Dorothy Brooke faced on a weekly basis, for twenty-five years of her life, thousands of elderly, abused, friendless working horses, mules and donkeys, from the ex-war horses of the early 1930s to the native equines which her eighty-three-year-old charity, Brooke, Action for Working Horses and Donkeys, works to heal today. She tried to save even the most desperate cases—indeed, she was known among her vets and grooms to be the only one who persevered when everyone else gave up. When it was clear continued life was impossible without suffering, she gave the sufferers something to make them happy—all the water, bran mash, sugar lumps they could take—and spoke kind words in their battered ears, and after a few days of rest, had them painlessly put to sleep. It was a sleep, she would write, that she hoped they awakened from to “a lovely green field, with trees and a stream. I always hope they find one when they wake up after we have said goodbye to them. I pray they do.” Luckily for those strong enough to recover, Mrs. Brooke’s efforts gave renewed life and, in the method that for a long time was uniquely her own, provided education and renewed hope to the impoverished men whose neglect of their animals, intentional or unintentional, was symptomatic and reflective of the neglect of their own hardscrabble lives.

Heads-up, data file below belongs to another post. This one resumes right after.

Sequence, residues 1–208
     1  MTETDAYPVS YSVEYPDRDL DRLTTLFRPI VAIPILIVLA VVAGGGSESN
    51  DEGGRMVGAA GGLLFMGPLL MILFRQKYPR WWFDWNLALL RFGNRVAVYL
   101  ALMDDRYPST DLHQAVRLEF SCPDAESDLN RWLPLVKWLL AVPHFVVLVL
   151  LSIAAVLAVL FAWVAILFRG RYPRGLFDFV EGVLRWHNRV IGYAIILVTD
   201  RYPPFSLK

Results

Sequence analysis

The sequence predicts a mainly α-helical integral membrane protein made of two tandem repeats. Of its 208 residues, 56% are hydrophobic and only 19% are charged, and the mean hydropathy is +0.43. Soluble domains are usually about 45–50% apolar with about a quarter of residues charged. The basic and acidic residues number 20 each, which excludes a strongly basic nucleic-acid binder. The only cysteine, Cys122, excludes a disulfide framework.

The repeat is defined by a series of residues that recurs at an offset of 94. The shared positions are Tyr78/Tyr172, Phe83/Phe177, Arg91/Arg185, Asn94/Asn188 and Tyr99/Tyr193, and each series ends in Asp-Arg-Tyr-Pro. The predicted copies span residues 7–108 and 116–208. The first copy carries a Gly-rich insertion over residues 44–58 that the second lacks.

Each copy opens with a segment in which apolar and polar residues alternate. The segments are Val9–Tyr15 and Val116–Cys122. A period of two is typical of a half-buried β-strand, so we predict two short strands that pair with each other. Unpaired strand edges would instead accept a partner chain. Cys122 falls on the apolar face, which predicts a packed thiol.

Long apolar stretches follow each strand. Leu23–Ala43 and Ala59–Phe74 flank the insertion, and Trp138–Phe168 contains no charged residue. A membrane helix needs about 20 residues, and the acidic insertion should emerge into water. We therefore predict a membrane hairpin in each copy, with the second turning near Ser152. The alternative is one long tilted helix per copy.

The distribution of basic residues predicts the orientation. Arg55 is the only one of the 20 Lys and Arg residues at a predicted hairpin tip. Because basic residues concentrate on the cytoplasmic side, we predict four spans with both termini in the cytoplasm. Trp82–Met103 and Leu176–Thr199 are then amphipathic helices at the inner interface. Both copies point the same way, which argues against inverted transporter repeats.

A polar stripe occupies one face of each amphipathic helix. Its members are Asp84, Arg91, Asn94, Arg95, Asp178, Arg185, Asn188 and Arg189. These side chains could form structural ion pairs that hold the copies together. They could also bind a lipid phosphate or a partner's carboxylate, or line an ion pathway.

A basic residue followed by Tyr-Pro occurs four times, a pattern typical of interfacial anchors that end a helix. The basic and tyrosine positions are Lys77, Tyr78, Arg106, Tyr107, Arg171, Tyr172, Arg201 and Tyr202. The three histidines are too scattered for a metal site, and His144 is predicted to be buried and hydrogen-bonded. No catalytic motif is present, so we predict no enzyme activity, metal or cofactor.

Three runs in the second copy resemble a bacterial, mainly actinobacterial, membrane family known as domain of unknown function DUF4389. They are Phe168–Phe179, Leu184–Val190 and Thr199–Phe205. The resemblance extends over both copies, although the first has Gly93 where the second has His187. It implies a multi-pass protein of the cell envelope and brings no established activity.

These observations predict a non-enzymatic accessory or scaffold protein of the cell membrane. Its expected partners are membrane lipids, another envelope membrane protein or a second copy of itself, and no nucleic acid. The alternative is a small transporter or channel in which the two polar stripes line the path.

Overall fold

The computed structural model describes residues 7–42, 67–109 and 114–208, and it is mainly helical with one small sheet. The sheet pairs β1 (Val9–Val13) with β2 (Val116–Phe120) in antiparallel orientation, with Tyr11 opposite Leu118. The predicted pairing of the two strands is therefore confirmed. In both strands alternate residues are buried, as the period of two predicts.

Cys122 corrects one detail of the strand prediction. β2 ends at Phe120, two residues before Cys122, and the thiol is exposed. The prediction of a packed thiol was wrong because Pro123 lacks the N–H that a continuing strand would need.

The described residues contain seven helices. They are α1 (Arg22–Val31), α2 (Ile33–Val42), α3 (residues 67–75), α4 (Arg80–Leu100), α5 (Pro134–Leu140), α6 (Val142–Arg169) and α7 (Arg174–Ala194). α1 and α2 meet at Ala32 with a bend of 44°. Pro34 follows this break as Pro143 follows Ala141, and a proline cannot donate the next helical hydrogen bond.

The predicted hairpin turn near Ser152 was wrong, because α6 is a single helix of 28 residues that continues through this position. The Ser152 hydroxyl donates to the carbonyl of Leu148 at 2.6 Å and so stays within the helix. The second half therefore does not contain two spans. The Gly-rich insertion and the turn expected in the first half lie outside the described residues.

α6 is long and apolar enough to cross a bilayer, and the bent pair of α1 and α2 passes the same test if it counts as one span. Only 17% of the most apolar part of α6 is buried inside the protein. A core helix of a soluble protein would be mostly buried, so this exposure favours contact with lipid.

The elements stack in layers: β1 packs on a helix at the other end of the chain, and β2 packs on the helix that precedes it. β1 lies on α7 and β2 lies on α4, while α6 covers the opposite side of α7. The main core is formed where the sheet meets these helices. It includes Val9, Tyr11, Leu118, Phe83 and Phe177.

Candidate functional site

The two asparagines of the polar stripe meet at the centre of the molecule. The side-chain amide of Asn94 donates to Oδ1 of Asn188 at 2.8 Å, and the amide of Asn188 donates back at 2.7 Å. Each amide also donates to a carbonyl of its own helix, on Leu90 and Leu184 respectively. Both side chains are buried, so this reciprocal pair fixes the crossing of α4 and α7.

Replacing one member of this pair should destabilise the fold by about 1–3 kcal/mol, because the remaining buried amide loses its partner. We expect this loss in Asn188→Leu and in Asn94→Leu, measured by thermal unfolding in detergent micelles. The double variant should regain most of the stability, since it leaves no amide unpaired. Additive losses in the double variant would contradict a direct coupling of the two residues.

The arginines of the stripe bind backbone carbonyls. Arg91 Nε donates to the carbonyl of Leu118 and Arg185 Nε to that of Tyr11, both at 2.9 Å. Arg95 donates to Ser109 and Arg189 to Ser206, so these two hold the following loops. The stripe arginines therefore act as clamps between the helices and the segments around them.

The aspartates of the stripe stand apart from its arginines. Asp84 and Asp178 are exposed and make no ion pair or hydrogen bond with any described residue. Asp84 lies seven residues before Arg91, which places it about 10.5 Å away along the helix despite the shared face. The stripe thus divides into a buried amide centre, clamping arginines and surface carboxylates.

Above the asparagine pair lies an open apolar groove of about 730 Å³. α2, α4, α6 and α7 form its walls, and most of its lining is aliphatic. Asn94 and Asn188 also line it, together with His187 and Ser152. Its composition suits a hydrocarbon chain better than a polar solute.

A long time Egyptian female veterinarian who worked with Mrs. Brooke’s hospital in Cairo once told me, “Compassion gave her the authority to interfere.” I will never know the impetus for Dorothy Brooke’s extraordinary devotion to the lost war horses of Cairo, any more than I understand the motivating experience that prompted my grandmother, despite arthritic agony, to wait daily on an elderly donkey, both with the sands of their long lives running close to empty, or to stand unsteadily in her robe and fluffy slippers on that frigid winter porch, making sure a herd of scrambling feral cats had the sustenance they needed to live. Compassion does not need a reason. As Dorothy Brooke proved, it only requires the compassionate to seize the authority necessary to intervene through comfort, healing and, above all, the love that knows when to let go.